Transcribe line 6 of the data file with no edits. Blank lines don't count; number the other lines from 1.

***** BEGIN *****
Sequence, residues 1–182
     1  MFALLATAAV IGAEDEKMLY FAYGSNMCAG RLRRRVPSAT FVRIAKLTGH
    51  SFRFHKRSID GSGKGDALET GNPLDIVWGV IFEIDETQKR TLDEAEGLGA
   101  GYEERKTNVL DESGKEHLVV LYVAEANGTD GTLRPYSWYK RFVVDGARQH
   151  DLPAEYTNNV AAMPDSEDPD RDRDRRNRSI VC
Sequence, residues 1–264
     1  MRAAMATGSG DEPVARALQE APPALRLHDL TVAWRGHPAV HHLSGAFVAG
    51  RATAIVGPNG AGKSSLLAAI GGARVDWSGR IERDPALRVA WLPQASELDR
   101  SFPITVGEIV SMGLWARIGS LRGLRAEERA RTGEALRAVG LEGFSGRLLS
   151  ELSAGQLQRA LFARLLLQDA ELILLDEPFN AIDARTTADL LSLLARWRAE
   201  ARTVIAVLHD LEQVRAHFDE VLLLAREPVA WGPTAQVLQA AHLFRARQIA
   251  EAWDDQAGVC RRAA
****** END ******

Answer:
Sequence, residues 1–264